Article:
I hook, needle for sewing in ends, worsted weight yarn (with a skein of Patons Canadiana, I can usually get at least 2 hats. I think the skeins are 3 or 3.5 ozs).

Size
See pics above.

Instructions
Use the adjustable ring or ch 5 and join with a slip stitch.

The first rounds will be your regular 12 stitch increase.

Round 1
ch 3 (counts as your first dc here and throughout) (note: as always, you can use ch-2 if this brings you to the proper height), work 11 more dc in ring (12 dc), join with a sl st to top of beg ch-3, If you used the adjustable strand, pull on your loose strand to close the center hole

Round 2
ch 3, dc in same stitch, 2 dc in ea stitch around (24 dc) (that’s your 12 st increase to keep your circle flat), join with a sl st to top of beg ch-3

Round 3
ch 3, 2 dc in next st, (dc in next st, 2 dc in next st) around, (36 dc) (24 + 12 = 36. You’re putting your increase in every other stitch), join with a sl st to top of beg ch-3

Round 4
ch 3, dc in next st, 2 dc in next st, (dc in ea of next 2 sts, 2 dc in next st) around (11 times), (48 dc) (36 + 12 = 48. Increase in every third st), join with a sl st to top of beg ch-3

Extra note: If you want a larger top, follow instructions here.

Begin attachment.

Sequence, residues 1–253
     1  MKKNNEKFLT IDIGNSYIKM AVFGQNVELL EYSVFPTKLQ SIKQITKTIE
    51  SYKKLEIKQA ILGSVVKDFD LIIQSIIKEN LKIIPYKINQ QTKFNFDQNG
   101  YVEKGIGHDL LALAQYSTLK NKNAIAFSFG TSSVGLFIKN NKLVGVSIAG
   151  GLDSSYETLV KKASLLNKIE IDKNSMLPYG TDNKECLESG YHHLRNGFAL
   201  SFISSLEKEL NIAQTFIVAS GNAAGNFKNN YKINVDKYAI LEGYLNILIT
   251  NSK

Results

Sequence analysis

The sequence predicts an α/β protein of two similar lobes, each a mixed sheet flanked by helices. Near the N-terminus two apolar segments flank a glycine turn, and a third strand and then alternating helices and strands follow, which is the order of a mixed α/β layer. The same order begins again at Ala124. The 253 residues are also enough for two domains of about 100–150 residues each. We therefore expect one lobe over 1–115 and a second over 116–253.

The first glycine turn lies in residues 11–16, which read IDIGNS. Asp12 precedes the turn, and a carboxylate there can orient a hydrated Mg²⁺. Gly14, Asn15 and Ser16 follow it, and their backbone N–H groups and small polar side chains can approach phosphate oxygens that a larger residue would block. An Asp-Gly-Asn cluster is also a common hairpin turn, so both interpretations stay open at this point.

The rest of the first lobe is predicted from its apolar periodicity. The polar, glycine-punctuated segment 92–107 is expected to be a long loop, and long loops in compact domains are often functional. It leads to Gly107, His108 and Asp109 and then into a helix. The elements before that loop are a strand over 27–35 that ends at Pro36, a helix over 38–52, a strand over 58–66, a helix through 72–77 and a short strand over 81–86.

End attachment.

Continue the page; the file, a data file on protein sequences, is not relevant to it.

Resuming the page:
Extra note: If you want a straight side without the gradual slope, follow instructions here.

Here we start the gradual slope…

Round 5
ch 3, dc in ea of next 6 sts, 2 dc in next st, (dc in ea of next 7 sts, 2 dc in next st) around (5 times ) (note that your 7th stitch will be worked into the first dc of the previous increase and your new increase will be worked into the second dc of the previous increase) (54 sts) (48 + 6 = 54), join with a sl st to top of beg ch-3. Your circle will bow in just slightly. That’s okay. That’s what it is supposed to do.

Explanation: Previous round (round 4) had 48 sts. You want 6 increases, so 48 / 6 = 8. You need an increase every 8 sts. Your beg ch-3 counts as one, you dc in 6 and then work your increase in the 8th st. Then you can work your pattern, dc in 7 and 2 dc in the 8th.

Round 6
ch 3, dc in ea of next 7 sts, 2 dc in next st, (dc in ea of next 8 sts, 2 dc in next st) around (note that your 8th stitch will be worked into the first dc of the previous increase and your new increase will be worked into the second dc of the previous increase) (60 sts) (54 + 6 = 60), join with a sl st to top of beg ch-3

Explanation: Previous round (round 5) had 54 sts. You want 6 increases, so 54 / 6 = 9. You need an increase every 9 sts. Your beg ch-3 counts as one, you dc in 7 and then work your increase in the 9th st. Then you can work your pattern, dc in 8 and 2 dc in the 9th.